ECU dental students serve through Special Care in Dentistry Association
The East Carolina School of Dental Medicine’s chapter of the Special Care in Dentistry Association (SCDA) is making strides to ensure a special population of patients has the resources and access to care they need.
The dental school’s chapter of the SCDA is one of only 11 chapters recognized nationally through SCDA, which is made up of oral health professionals and students who are dedicated to promoting oral health and well-being for people with special needs. The organization includes representatives from the American Association of Hospital Dentists, the Academy of Dentistry for Persons with Disabilities, and the American Society for Geriatric Dentistry.
Third-year dental student Lydia Hartung’s passion for caring for patients from all backgrounds and circumstances led her to breathe life into the student organization last fall. This year, the group’s efforts to reach patients in their community are gaining speed in caring for patients in need of special accommodations due to physical, medical developmental or cognitive conditions, including individuals with mobility issues, the elderly, mentally disabled individuals, medically complex patients and children with behavioral or emotional conditions.
“The special care community is such an important yet underrepresented part of the dental profession,” said Hartung, president of ECU’s SCDA chapter and vice-student liaison for the national organization. “Education and early exposure are integral in ensuring that we, as part of the next generation of dental professions, are prepared and comfortable to treat special care patients who may present in our practice. That starts here, in Ross Hall.”
The dental school’s chapter of the SCDA hopes to provide resources to caretakers of patients with special needs, making it easier for them to pursue care for the patients.
“Many times, especially in underserved communities like eastern North Carolina, it can be difficult for the families of these patients to find efficient basic care for their loved ones,” Hartung said. “I found myself forlorn that this was the situation for such a large group of people in my own community. It really hit very close to home. I started pondering ways in which I could help to bring more awareness and advocacy to this community and their care. What better place to start than my own school?”
Hartung worked with the dental school’s Sukyung Moon, special care dentistry faculty member and clinical assistant professor, Maggie Pafford, associate dean for student affairs and Margaret Wilson, vice dean, to resurrect the organization at the school level that existed years ago but never achieved national status.
“As I learned more about special care dentistry, my interest caught like wildfire and I knew I had to find a way to become more involved,” Hartung said. “I worked to establish an executive board of incredible individuals who have a great interest in special care dentistry and treating and advocating for these patients.”
Dental student Chance Bryant said he joined the SCDA to get hands-on experience working with patients who have special needs.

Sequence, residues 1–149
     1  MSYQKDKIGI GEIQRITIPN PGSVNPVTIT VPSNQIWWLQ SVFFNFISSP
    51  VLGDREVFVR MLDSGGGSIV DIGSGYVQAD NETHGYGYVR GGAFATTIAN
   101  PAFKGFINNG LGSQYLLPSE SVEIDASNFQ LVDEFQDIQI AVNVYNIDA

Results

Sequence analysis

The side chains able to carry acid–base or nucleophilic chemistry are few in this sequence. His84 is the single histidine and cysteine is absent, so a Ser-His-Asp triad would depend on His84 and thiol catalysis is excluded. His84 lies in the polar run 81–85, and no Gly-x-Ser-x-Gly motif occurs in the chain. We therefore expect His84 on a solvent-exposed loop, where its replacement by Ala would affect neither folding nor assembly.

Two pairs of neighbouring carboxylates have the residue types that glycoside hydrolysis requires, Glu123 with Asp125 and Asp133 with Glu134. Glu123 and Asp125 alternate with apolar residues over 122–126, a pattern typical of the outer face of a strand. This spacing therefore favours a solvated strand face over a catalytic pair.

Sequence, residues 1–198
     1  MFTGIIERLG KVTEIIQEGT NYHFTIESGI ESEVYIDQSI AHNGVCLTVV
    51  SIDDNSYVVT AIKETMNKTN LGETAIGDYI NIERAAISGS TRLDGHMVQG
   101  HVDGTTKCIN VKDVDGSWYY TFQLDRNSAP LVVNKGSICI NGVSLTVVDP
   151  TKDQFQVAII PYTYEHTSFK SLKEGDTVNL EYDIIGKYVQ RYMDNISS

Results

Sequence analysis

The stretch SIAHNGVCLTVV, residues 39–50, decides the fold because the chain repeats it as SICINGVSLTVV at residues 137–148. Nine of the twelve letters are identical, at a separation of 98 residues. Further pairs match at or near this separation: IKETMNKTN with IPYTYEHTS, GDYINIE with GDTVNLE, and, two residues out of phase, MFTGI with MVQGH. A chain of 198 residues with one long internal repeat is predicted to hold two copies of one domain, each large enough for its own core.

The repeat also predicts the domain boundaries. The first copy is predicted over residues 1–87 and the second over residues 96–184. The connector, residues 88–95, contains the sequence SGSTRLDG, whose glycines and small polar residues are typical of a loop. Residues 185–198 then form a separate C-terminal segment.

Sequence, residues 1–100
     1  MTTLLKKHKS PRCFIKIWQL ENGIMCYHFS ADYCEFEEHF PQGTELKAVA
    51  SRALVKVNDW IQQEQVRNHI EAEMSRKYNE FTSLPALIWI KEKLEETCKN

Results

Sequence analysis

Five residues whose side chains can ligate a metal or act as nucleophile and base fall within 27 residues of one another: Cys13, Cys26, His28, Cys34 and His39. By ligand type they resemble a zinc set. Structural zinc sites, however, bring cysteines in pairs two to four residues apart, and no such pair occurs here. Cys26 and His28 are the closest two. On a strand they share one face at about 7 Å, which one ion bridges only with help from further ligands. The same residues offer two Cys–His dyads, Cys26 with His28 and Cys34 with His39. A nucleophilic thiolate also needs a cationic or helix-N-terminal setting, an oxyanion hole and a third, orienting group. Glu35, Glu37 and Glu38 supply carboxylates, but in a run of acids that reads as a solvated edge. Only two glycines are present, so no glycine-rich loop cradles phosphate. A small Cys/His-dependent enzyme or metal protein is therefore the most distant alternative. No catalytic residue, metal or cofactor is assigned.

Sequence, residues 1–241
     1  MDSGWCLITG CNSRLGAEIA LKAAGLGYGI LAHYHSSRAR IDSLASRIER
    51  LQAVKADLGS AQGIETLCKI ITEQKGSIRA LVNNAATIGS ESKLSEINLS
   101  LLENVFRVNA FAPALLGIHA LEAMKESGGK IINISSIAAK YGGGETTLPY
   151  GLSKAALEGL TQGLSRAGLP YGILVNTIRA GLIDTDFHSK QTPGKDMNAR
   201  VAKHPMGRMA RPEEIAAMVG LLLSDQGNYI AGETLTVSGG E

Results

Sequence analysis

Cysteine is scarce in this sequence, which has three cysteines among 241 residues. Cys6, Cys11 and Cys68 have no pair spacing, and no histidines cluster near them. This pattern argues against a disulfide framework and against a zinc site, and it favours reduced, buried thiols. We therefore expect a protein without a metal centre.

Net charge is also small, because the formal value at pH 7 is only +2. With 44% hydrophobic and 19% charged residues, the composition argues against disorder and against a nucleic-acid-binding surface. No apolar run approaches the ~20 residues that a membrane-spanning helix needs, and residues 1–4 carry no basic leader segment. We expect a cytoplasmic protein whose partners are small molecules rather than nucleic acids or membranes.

“I have participated in several events this year; my personal favorite was the Greenville’s Exceptional Community Baseball League,” Bryant said. “We were able to be a buddy for a player during their games throughout the day. We were able to give back to the community, bond with the community and establish communication with the special care population. That is the ultimate goal of this club.”
Second-year dental student Tiffany Kurian serves as vice president of the school’ SCDA chapter.
“As dentists, we will 100% encounter individuals with special needs in our practice,” she said. “Yet each individual doesn’t fit into one box. Individuals with special needs encompass a variety of abilities so learning how to be flexible and meet them where they’re at as clinicians can be so beneficial.”
Kurian has participated in national events through the organization that help her imagine her own future practice — and the patients she will care for.
“I definitely can see myself integrating special care adaptions into my future practice,” she said. “I had the chance to attend the SCDA annual meeting this past spring, where there were vendors that showed technology catered towards special care dentistry. It ranged from creating a sensory operatory to a portable panoramic x-ray machine. It was really neat to see what is out there and to start thinking in what ways do I want to provide a welcoming environment to these individuals.”
The club’s inaugural Carnival for a Cause is slated for Saturday, Aug. 26 at Uptown Brewing Company in Greenville. The family event is free and open to the public, and food and game tickets will be sold to benefit the care of special needs patients at the ECU School of Dental Medicine.
Hartung hopes the event will raise awareness of a special patient population across the region and state.
“Many ECU dental graduates, including myself, plan to practice in areas that are underserved,” Hartung said. “In many of these areas, there exists not only a lack of dental professionals, but also a lack of dental and medical specialists. It is especially important, in these circumstances to ensure that we are primed to treat the special care community.”
Hartung said the drive to serve comes from meeting patients with specific challenges where they are, learning how best to adapt and care for them.
“There is an overflowing abundance of grace and thanks,” she said, “in every single interaction.”